WASHINGTON –- The head of the IRS on Friday insisted that tea party groups were not targeted for extra scrutiny, but were caught up in a clumsy dragnet by government employees trying to take shortcuts to being more efficient.
Acting IRS Commissioner Steven Miller's frequent refrain was that of the 298 applications for 501(c)(4) nonprofit status that were selected by IRS agents for further screening, only about 70 were tea party groups.
The actual numbers are a little different than what Miller, who has resigned, told members of the House Ways and Means Committee, according to the report from the IRS inspector general. The report, released this week, showed that there were 72 tea party groups, 11 with the phrase "9/12" in their name, and 13 with "patriots" in their name. So there were 96 tea party-type groups, and 202 groups of other types, that got extra IRS attention.
"Organizations from all walks and all persuasions were pulled in," Miller said. He insisted in his opening statement that the targeting of tea party groups was "not an act of partisanship."
So far, there is at least one example of a liberal group receiving the same treatment as the conservative groups -– secondary screening and invasive questions for more information. But a flood of examples has not yet materialized.
But there are three problems with Miller's assertion that conservative tea party groups were not singled out disproportionately with unfair treatment:
1. The list of 298 groups is not public, so we don't know the other groups that are undergoing secondary screening. House Republicans have asked the IRS for the names of all groups under special review, but the IRS has said it is forbidden by the federal code from releasing the information. That of course didn't stop the IRS from leaking the names of nine conservative groups under review to ProPublica, a nonprofit journalism website, in November. Miller on Friday said this leak was "inadvertent," but did not explain further.
2. The IRS only issued one BOLO. There was only one political "be on the lookout," or BOLO, term from 2010 to 2012, an official with the inspector general's office told HuffPost. The only BOLO was the one relating to tea party groups. There were no political search terms for liberal or progressive groups.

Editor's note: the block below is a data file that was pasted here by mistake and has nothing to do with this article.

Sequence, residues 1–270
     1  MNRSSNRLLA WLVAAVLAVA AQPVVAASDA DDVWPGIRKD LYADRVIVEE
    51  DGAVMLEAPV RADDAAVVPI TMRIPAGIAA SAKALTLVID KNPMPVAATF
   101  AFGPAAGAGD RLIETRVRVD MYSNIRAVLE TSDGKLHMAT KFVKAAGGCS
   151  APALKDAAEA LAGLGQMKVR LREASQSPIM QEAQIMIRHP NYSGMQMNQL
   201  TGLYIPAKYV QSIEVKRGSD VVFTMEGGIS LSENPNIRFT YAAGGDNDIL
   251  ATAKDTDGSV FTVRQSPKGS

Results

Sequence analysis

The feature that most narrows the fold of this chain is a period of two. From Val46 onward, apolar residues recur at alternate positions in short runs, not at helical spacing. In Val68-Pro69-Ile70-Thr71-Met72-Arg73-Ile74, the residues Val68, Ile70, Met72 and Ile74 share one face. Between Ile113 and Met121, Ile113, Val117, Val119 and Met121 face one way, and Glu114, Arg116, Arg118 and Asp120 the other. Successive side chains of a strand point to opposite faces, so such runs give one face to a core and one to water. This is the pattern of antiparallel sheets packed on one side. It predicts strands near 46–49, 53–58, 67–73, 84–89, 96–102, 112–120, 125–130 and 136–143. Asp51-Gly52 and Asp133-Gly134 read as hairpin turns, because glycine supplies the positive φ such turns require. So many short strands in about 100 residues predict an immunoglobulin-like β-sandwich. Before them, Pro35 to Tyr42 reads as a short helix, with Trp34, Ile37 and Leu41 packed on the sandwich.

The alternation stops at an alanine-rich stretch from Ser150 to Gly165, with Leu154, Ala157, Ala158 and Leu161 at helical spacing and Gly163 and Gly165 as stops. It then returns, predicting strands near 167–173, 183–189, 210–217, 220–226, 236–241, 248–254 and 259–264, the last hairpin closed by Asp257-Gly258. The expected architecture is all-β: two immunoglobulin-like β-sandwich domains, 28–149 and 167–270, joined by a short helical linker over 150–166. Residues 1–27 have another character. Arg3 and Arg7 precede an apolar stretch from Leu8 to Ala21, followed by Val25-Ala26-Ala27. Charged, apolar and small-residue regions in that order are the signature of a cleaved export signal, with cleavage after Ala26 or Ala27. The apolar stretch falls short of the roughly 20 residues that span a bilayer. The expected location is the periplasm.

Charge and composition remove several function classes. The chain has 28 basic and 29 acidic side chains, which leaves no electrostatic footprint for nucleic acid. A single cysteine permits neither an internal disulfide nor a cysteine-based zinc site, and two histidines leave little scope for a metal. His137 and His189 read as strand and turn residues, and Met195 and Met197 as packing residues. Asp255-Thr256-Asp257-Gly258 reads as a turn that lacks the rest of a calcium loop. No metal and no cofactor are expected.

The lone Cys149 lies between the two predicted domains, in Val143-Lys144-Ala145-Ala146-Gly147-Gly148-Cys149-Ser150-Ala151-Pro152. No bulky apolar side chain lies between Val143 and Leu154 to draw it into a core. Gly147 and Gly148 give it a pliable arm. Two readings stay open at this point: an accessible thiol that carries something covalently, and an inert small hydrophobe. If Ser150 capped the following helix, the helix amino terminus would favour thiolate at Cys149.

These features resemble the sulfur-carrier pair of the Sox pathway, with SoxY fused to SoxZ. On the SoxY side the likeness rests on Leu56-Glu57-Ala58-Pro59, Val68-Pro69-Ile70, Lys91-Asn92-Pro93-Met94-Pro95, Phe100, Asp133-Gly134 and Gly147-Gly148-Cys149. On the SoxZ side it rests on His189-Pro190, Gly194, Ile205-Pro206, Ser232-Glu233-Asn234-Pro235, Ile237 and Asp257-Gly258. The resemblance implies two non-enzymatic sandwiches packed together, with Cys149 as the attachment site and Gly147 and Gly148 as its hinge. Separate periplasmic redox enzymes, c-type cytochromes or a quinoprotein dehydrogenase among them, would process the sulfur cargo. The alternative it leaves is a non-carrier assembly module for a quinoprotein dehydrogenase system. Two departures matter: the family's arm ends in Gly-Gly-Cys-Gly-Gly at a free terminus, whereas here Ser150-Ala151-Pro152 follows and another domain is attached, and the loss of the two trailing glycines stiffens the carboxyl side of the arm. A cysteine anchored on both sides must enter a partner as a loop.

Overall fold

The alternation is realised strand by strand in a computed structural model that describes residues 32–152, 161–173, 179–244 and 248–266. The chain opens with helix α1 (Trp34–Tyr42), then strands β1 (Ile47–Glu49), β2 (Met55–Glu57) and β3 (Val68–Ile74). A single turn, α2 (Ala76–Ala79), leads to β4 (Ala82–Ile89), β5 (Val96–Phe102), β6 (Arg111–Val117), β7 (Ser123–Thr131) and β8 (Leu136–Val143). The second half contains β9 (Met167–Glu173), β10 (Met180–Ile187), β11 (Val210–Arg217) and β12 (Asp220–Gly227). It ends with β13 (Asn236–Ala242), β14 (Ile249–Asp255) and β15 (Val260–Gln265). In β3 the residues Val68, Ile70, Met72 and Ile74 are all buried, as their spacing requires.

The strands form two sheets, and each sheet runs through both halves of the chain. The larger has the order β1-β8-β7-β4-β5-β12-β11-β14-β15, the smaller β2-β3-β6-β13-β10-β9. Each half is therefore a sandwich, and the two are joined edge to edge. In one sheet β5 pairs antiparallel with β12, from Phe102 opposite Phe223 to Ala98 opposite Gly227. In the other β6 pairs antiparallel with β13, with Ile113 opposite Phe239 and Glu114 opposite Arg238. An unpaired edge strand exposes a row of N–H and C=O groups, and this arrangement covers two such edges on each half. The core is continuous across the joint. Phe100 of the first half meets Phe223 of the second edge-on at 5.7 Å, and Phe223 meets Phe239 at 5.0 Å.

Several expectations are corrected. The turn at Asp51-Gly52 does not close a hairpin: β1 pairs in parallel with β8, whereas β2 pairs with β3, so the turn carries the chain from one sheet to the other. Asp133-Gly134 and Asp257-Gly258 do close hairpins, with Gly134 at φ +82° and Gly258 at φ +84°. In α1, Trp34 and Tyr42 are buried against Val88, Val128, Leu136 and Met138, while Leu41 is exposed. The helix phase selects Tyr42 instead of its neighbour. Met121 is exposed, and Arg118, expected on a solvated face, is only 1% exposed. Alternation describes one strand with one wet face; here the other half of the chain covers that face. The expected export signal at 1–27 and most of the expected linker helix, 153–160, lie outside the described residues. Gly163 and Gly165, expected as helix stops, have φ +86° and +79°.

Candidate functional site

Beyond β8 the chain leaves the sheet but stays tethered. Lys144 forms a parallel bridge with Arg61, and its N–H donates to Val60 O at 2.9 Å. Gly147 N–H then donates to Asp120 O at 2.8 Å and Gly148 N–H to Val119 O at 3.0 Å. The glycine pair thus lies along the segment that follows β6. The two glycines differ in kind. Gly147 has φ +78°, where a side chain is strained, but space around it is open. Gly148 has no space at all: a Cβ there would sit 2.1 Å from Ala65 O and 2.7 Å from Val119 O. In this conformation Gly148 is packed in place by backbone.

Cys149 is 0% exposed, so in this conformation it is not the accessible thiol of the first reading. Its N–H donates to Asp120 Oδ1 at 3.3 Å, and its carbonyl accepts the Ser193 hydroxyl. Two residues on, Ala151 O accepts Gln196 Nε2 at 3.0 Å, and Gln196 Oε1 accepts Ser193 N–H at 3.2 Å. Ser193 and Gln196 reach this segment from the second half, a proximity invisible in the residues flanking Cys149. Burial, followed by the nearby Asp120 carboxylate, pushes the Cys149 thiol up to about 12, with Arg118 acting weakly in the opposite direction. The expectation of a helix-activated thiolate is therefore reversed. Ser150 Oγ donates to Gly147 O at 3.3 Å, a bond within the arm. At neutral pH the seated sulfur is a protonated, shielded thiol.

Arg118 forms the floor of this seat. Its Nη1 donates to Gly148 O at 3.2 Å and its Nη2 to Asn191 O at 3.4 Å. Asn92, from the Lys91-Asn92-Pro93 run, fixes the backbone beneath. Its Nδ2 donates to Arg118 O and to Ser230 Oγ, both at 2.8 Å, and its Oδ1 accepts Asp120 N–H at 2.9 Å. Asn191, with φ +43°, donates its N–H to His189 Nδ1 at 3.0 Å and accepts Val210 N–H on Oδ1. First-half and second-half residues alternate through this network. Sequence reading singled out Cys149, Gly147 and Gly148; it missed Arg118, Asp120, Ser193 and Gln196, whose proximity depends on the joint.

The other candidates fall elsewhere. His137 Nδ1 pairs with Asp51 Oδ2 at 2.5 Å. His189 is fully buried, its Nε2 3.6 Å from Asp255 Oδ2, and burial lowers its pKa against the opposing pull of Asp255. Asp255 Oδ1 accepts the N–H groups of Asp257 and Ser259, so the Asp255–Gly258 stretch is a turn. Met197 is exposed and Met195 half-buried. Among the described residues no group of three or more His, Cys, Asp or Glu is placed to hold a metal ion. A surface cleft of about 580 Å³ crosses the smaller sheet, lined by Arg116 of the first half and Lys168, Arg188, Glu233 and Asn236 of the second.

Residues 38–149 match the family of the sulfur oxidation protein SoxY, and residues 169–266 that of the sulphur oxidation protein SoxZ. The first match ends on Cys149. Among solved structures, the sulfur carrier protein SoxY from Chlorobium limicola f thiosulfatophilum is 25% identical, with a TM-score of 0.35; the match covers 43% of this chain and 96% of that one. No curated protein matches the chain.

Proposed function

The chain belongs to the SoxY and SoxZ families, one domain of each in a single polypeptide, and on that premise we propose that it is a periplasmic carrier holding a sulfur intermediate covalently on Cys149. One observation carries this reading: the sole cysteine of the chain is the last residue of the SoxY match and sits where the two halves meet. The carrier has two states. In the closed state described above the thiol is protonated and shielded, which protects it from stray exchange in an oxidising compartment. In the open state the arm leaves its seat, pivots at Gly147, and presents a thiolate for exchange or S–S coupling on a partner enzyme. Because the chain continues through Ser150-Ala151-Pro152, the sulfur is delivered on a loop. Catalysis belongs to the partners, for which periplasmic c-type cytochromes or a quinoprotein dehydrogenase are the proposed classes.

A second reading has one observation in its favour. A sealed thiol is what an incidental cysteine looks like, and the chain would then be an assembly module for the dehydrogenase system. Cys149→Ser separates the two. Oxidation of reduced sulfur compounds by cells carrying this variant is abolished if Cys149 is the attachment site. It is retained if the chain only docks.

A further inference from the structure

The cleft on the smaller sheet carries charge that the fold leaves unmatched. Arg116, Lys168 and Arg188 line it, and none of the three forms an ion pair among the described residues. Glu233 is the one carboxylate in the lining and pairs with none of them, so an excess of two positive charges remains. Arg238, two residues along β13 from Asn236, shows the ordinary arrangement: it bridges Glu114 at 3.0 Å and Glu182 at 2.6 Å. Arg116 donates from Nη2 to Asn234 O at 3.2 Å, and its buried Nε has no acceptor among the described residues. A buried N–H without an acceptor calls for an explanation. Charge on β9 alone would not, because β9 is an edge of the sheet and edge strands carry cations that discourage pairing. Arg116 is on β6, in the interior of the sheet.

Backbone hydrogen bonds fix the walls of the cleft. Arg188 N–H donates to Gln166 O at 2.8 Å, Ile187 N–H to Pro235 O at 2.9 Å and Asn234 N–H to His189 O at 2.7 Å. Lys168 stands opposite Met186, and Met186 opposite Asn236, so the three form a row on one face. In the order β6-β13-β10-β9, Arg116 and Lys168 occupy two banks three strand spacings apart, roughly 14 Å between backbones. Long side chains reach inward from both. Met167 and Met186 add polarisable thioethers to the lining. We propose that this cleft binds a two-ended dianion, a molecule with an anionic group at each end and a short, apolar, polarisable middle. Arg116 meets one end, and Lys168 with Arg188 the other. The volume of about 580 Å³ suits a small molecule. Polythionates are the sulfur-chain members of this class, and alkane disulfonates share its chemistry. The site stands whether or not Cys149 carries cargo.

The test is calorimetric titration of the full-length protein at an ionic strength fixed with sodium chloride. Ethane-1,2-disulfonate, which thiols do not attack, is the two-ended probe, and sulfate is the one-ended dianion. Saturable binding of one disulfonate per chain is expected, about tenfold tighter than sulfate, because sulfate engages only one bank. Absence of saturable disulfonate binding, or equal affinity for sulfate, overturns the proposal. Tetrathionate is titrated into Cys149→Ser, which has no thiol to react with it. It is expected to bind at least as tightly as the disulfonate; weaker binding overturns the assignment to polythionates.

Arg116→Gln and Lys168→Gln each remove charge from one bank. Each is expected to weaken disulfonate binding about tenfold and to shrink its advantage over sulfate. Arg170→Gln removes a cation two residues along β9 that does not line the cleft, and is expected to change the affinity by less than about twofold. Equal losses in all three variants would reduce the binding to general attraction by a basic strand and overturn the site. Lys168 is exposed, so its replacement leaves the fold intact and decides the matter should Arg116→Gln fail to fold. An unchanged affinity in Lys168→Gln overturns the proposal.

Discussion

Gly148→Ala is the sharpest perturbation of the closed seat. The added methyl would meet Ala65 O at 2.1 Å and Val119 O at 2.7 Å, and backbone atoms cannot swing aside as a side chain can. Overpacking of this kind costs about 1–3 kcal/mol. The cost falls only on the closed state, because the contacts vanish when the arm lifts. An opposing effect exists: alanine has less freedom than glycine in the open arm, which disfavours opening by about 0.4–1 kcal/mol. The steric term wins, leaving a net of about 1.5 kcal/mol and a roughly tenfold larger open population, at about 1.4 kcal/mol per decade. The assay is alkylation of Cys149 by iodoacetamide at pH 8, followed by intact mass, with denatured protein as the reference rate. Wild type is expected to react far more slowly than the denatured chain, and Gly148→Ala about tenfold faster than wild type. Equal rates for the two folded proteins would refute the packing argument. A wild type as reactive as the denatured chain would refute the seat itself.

"There were other BOLOs issued during this time," the inspector general official said. "This was the only BOLO that referred to potential political cases and had anything to do with political criteria."
Miller admitted this under questioning from Rep. Paul Ryan (R-Wis). "So there were no 'progressive' or 'organizing' buzzwords that were used for targeting, is that correct?" Ryan asked Miller. "That's correct," Miller said.
3. No tea party group applications for non-profit status were approved for 27 months, staring in February 2010, while numerous liberal groups sailed through the process, USA Today reported this week.
Perhaps it will emerge that of the 202 non-tea party groups whose applications are being held up, a large number are liberal or progressive. But the fact that the tea party BOLO was the only search term with a political focus during this time period suggests that's unlikely.
Still, the question remains: Who are those other groups?
Ryan told HuffPost that some may be religious and anti-abortion groups.
"We're getting lots of credible, consistent allegations about religious organizations, from groups, of religious organizations being targeted," Ryan said.
When asked for specifics, Ryan referred HuffPost to Ways and Means Committee staff. A Ways and Means spokeswoman said she had no information readily available on the topic.